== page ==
The next Society Club Night will be a presentation on 1 July by John Cavana entitled ‘My travels in Africa through the camera: Kili, Kruger and the Cape.’  The Society will also be meeting on 5 August and 2 September, although the speakers for these two meetings have yet to be confirmed. Please check our website for the forthcoming details. All three events will begin at 7.30pm in the Cartwright Hotel, Aynho, and everyone is most welcome to attend.  Please note that no Workshops are planned for July or August.

John Branton
www.addphoto.co.uk

Aynho Long Walk 11th June 2015

P1090700Ten of us set off on the long walk on this lovely sunny day. We decided to walk the Kings Sutton Loop. We entered Green Lane and descended to Lower Walton Grounds down a marvelously mud free track. The views were wonderful, although we had to take care as two horse riders came towards us. Crossing the stream on the bridge needed care with one of us losing a hat under a low hanging branch. Hat recovered, we continued past the cottages and across the fields to College Lane in Kings Sutton. We entered the village, crossed the green, admiring the new playground and took the footpath down to the back of the housing. Building work meant we had to return to the estate briefly before crossing the Banbury Road to rejoin the path along the village boundary as far as the outlet by the scrapyard near the Railway Station. We crossed the fields to reach the southern edge of the village and then took the path through the rape field towards the sewage works and on to Lower Walton Grounds.  The other path up to Aynho is less steep than Green Lane so we took that alternative and arrived back at the pavilion after just over two hours. Glad of the refreshments awaiting us.

WI Centenary AGM

ALBERT HALL    4th June 2015

The day had dawned sunny and bright as the ladies gathered in Brackley to board the coach to London.  Our journey was uneventful and we arrived in good time to go through security and find our seats in the Albert Hall.  Northampton had done well and we were all seated in the Grand Tier boxes with an excellent view of the Hall.

As the Queen, The Princess Royal and the Countess of Wessex were due to join us the singing of Jerusalem was delayed until after their arrival so the meeting began with the Financial Report.

In 1915 the annual fee was 2/- (10p) which was equivalent to 2% of annual income, in 2015 the annual fee is £36 and this is also equivalent to 2% of annual income.  We are in a secure financial position embarking on the next 100 years.

Following the Financial Report the Royal Party arrived to loud applause and cheers.  The Queen wore a powder blue coat with a matching hat and a flowered dress.   The National Anthem was sung.  The Queen was invited to receive the Centenary Baton and a live link was established with the Anglesey Federation.  This caused some amusement as there was a five second delay between the Hall and Anglesey.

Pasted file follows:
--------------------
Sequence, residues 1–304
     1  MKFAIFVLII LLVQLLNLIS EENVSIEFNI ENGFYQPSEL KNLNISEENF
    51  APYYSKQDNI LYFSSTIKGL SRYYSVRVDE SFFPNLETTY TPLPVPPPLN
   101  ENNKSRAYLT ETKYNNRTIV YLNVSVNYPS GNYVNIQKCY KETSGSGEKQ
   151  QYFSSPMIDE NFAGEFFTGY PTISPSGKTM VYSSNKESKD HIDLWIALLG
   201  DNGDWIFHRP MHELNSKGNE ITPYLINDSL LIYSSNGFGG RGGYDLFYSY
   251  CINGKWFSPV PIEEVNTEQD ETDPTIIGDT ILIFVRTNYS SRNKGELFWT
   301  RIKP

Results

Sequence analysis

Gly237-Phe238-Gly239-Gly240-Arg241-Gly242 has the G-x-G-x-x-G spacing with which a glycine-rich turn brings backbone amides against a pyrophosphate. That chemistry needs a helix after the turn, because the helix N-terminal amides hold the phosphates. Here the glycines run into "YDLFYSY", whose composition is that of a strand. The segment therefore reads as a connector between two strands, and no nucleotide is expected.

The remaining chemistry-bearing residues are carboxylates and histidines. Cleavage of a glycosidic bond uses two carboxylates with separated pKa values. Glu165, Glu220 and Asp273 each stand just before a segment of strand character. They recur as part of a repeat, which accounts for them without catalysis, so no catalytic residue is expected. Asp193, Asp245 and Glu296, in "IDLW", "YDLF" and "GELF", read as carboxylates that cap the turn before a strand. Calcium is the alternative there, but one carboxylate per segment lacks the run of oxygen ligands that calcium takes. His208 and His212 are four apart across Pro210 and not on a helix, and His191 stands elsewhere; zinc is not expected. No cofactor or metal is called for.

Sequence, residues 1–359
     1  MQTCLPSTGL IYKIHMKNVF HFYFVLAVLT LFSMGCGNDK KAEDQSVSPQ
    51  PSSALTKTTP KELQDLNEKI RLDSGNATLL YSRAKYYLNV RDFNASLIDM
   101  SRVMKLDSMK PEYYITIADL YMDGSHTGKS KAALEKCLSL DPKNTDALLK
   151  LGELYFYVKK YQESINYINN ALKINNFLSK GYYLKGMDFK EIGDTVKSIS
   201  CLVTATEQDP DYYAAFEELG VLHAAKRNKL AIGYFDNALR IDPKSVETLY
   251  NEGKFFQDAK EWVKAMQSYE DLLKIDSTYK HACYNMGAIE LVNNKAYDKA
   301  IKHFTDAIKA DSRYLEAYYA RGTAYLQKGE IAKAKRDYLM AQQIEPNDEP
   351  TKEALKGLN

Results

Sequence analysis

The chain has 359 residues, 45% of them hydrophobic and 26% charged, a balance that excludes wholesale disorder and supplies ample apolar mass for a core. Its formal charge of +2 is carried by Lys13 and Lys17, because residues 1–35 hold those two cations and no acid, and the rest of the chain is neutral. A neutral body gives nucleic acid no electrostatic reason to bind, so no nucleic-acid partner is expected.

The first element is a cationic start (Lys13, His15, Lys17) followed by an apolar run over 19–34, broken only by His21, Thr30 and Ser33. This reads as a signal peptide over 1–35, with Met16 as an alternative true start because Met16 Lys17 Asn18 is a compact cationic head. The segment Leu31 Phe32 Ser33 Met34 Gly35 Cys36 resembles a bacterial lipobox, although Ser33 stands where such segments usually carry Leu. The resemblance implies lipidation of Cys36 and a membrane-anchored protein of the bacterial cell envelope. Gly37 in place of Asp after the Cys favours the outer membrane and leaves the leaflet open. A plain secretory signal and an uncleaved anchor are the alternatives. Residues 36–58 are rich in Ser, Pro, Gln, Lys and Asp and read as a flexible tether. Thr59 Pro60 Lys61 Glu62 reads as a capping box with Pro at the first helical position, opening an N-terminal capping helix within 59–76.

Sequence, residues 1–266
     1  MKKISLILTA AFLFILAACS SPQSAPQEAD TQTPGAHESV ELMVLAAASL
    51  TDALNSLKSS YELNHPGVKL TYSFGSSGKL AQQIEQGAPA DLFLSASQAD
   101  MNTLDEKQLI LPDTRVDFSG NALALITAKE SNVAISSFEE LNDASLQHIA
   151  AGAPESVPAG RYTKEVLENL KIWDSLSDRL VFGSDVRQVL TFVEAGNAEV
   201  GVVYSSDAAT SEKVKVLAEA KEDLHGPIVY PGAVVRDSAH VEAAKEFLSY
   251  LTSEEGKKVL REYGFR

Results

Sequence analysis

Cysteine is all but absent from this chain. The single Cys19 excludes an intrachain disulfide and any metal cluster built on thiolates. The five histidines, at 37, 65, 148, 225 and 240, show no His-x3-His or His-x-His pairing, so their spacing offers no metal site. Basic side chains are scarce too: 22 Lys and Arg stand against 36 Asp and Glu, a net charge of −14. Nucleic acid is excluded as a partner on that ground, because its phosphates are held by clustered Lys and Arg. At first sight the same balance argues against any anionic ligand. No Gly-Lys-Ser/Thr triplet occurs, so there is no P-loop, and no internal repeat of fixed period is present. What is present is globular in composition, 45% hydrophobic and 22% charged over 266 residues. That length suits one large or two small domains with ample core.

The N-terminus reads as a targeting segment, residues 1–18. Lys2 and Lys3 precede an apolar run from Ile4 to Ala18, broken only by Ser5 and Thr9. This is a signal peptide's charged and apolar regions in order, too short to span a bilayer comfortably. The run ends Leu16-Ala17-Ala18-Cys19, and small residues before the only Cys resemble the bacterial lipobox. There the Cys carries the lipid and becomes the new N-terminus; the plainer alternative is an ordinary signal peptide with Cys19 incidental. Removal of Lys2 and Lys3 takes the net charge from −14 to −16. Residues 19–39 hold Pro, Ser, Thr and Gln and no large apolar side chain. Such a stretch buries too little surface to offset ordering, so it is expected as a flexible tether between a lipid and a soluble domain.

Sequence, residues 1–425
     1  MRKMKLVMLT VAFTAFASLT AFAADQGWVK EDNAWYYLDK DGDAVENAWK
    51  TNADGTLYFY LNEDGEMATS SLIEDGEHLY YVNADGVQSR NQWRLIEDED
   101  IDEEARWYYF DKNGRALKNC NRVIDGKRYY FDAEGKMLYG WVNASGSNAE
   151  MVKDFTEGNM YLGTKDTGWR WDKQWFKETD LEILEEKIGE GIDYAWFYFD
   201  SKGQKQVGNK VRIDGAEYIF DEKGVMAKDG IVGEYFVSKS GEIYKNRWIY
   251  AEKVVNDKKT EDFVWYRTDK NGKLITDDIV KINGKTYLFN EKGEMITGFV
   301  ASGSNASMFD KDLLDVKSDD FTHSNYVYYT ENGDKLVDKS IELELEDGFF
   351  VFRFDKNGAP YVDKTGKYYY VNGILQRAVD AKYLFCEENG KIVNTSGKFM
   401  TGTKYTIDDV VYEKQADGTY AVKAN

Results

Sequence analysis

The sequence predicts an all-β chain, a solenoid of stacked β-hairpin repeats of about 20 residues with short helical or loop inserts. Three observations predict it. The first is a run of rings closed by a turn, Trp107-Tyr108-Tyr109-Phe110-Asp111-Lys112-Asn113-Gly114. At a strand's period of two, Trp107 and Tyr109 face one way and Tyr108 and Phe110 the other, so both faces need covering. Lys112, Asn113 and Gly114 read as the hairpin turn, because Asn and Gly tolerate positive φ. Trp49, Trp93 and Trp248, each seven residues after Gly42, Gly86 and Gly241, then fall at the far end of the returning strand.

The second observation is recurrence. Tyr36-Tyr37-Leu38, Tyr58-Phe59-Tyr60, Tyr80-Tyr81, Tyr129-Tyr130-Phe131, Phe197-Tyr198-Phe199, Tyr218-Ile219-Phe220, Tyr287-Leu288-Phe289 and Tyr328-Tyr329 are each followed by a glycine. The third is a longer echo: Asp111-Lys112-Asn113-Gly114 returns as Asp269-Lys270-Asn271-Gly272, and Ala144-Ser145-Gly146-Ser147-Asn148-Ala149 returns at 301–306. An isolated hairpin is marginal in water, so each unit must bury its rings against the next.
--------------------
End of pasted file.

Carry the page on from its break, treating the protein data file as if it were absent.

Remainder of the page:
There followed a presentation of the Denman Cup by Her Majesty and subsequent awards were presented by Princess Anne and Sophie Wessex.  Jerusalem was sung with great zest and posies were presented to the party by three young girls before the Royal Party and Board Members retired to the Foyer for coffee and cakes.

The Board having departed with the Queen the Chair, Janice Langley, was left to ‘hold the fort’!  She gave a speech on ‘What does the last 100 years mean to us’.  New women were encouraged to play a role in public life and the Women’s Police Force was also formed in 1915. Police women were not allowed to carry truncheons only umbrellas!!  There have been ups and downs during the 100 years but the objects of the WI remain the same today.  We need to spend our money wisely and well and need to think of ways to engage with women who have limited time.

Our first speaker was Lucy Worsley who is an English historian, curator and television presenter.  She gave an amusing and informative speech on the history of the WI.  It was one place where the social divisions could come down for at least half-an-hour!  She has just finished making a programme – 100 years of the WI – which will go out sometime later this month on BBC2 called “Cake Makers and Trouble Makers”.

Next came the Public Affairs Resolution.  This proved to be an extremely interesting part of the day.  It started with an amendment to the wording of the Resolution:

“This meeting calls on HM government to remove the distinction between nursing care and personal care in the assessment of the needs of individuals, in order to advance health and wellbeing.”